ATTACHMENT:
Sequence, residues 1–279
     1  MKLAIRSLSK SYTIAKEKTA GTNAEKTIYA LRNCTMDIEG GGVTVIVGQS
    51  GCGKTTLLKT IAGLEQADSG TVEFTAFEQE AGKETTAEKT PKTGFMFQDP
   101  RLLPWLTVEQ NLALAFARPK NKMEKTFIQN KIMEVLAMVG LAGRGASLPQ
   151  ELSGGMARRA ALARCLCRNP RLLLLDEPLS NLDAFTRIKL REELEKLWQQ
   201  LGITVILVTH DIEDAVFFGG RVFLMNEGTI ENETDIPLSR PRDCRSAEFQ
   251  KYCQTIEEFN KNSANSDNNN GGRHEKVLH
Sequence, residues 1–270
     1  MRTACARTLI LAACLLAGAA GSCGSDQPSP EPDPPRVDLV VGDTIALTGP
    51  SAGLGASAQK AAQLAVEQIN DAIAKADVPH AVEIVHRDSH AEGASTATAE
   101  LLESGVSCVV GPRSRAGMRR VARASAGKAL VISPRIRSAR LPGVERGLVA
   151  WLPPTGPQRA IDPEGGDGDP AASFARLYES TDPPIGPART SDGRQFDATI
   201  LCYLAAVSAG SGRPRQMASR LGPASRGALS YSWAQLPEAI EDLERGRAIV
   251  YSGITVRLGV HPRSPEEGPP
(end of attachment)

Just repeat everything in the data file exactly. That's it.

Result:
Sequence, residues 1–279
     1  MKLAIRSLSK SYTIAKEKTA GTNAEKTIYA LRNCTMDIEG GGVTVIVGQS
    51  GCGKTTLLKT IAGLEQADSG TVEFTAFEQE AGKETTAEKT PKTGFMFQDP
   101  RLLPWLTVEQ NLALAFARPK NKMEKTFIQN KIMEVLAMVG LAGRGASLPQ
   151  ELSGGMARRA ALARCLCRNP RLLLLDEPLS NLDAFTRIKL REELEKLWQQ
   201  LGITVILVTH DIEDAVFFGG RVFLMNEGTI ENETDIPLSR PRDCRSAEFQ
   251  KYCQTIEEFN KNSANSDNNN GGRHEKVLH
Sequence, residues 1–270
     1  MRTACARTLI LAACLLAGAA GSCGSDQPSP EPDPPRVDLV VGDTIALTGP
    51  SAGLGASAQK AAQLAVEQIN DAIAKADVPH AVEIVHRDSH AEGASTATAE
   101  LLESGVSCVV GPRSRAGMRR VARASAGKAL VISPRIRSAR LPGVERGLVA
   151  WLPPTGPQRA IDPEGGDGDP AASFARLYES TDPPIGPART SDGRQFDATI
   201  LCYLAAVSAG SGRPRQMASR LGPASRGALS YSWAQLPEAI EDLERGRAIV
   251  YSGITVRLGV HPRSPEEGPP